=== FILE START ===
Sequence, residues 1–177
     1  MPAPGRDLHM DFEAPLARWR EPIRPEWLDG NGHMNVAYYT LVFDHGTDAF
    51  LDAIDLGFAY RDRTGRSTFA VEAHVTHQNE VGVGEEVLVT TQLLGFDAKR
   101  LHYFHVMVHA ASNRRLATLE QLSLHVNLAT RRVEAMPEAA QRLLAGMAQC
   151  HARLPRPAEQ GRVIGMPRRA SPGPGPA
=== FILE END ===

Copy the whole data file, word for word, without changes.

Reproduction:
Sequence, residues 1–177
     1  MPAPGRDLHM DFEAPLARWR EPIRPEWLDG NGHMNVAYYT LVFDHGTDAF
    51  LDAIDLGFAY RDRTGRSTFA VEAHVTHQNE VGVGEEVLVT TQLLGFDAKR
   101  LHYFHVMVHA ASNRRLATLE QLSLHVNLAT RRVEAMPEAA QRLLAGMAQC
   151  HARLPRPAEQ GRVIGMPRRA SPGPGPA